What Is Gambling?


Gambling is a risky activity in which individuals place bets on the outcome of a game or contest, an event that is uncertain and unpredictable. The act of gambling involves a conscious decision to assume a risk, usually with the hope of gaining something of value. In some forms of gambling, skills and knowledge on the part of bettors may improve chances for success but are not required. For example, a bettor’s knowledge of card-playing strategies can improve odds for winning certain games; and betting on horse races with a high probability of victory is based on the jockeys’ skill in predicting probable outcomes of the race (Bruce and Johnson 1996). The term “gambling” also covers stock markets and other activities that involve placing bets on future events. Insurance is one form of such an activity; paying the premium on a life insurance policy, for instance, amounts to a bet that an individual will die within a specified time period, and payout ratios are established based on actuarial data.

In recent years, our understanding of gambling has undergone a profound change. Previously, people who gambled to the extent that they had adverse consequences were considered to be immoral or addicted; today, we view these people as having psychological problems. This change in understanding has been reflected in the various editions of the Diagnostic and Statistical Manual of Mental Disorders, published by the American Psychiatric Association.

Some people engage in gambling behavior for social reasons, while others do so to achieve a sense of excitement or gratification. A few people develop serious gambling disorders that may result in emotional and financial difficulties. These include pathological gambling (PG), a psychiatric disorder characterized by recurrent, maladaptive patterns of gambling behaviors. PG typically begins in adolescence or young adulthood and is characterized by a progressive preoccupation with gambling. Males appear to be more likely to develop PG than females. In addition, males tend to start gambling at a younger age and to prefer strategic, face-to-face forms of gambling, such as poker or blackjack.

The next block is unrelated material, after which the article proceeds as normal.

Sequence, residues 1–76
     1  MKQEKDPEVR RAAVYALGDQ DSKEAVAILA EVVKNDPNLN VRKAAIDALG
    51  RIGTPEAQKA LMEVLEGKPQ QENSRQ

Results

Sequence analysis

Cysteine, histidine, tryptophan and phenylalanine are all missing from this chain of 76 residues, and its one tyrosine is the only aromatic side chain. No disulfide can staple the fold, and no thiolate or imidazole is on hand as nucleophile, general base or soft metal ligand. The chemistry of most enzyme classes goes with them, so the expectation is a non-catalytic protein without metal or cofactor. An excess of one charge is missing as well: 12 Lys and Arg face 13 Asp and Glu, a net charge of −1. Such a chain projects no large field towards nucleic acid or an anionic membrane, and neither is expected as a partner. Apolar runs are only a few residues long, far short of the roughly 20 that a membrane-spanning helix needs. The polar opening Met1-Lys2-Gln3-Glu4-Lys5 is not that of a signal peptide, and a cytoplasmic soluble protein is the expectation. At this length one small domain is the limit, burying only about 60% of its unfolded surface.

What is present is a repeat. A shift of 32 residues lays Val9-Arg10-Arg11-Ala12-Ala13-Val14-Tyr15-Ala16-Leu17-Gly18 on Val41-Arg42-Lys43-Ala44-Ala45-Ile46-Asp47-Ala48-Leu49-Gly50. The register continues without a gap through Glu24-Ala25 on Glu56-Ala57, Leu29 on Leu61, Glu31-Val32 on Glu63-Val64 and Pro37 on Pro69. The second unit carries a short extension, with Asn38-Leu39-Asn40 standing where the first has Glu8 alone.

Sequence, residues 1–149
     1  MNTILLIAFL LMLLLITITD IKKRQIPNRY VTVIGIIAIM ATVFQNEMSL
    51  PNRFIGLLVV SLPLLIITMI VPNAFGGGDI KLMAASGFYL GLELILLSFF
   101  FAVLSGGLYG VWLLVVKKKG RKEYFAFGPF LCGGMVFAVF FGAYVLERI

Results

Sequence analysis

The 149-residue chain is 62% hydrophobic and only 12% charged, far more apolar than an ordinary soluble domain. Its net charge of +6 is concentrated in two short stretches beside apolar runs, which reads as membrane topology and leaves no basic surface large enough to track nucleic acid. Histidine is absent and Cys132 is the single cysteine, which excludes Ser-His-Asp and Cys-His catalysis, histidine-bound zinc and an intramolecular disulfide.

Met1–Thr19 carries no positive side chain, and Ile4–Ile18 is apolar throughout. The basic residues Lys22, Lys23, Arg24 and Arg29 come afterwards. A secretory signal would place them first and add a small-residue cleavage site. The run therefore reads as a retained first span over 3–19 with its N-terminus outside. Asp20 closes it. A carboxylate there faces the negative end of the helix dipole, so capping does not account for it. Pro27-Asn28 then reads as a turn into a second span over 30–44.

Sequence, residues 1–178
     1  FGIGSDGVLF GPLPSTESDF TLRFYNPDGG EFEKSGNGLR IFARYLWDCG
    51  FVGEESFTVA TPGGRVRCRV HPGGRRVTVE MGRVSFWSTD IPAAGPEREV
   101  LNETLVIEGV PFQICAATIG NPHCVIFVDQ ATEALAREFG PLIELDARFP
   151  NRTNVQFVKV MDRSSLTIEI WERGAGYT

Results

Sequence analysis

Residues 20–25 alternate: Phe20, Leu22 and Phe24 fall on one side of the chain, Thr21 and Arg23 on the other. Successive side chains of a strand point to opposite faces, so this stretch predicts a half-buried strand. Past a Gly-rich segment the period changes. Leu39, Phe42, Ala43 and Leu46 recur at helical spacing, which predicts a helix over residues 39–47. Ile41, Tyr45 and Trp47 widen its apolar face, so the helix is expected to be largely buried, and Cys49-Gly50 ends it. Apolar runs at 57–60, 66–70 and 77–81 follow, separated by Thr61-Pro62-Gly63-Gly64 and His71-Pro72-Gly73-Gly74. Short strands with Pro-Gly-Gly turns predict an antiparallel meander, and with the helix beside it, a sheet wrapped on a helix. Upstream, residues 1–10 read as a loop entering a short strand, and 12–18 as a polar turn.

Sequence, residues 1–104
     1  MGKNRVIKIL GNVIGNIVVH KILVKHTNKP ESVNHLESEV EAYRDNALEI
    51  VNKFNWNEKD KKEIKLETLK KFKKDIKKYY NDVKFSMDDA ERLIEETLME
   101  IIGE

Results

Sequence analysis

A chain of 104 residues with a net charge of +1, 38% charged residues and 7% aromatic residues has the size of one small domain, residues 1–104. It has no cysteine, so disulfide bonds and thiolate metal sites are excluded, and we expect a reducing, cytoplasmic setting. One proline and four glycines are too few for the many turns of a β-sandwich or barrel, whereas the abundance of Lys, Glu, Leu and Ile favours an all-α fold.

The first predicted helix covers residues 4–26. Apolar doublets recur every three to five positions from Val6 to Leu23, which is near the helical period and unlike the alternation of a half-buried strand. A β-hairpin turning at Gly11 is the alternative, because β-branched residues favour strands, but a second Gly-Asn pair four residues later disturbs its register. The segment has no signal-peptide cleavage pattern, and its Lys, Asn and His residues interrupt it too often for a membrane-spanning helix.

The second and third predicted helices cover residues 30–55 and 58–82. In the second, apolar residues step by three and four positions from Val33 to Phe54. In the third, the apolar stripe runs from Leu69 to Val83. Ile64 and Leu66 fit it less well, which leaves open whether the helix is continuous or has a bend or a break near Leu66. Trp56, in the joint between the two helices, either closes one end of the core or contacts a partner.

Many factors influence an individual’s propensity to engage in gambling, including gender, family history, and culture. Individuals who have a history of alcohol or substance abuse are also more likely to develop a problem with gambling.

It is essential for family members of a problem gambler to set boundaries in managing the person’s money. While it is difficult to overcome a loved one’s addiction, there are several resources available for families of problem gamblers to receive help. In addition to therapy, these resources include marriage, career, and credit counseling. Some of these programs offer inpatient or residential treatment for those with severe gambling problems. Others provide telephone and online support groups for those who want to quit gambling. They can also provide encouragement and inspiration from other gamblers who have successfully broken their addictions. These programs can be especially helpful for people who have lost substantial sums of money and strained or broken relationships because of their gambling habits.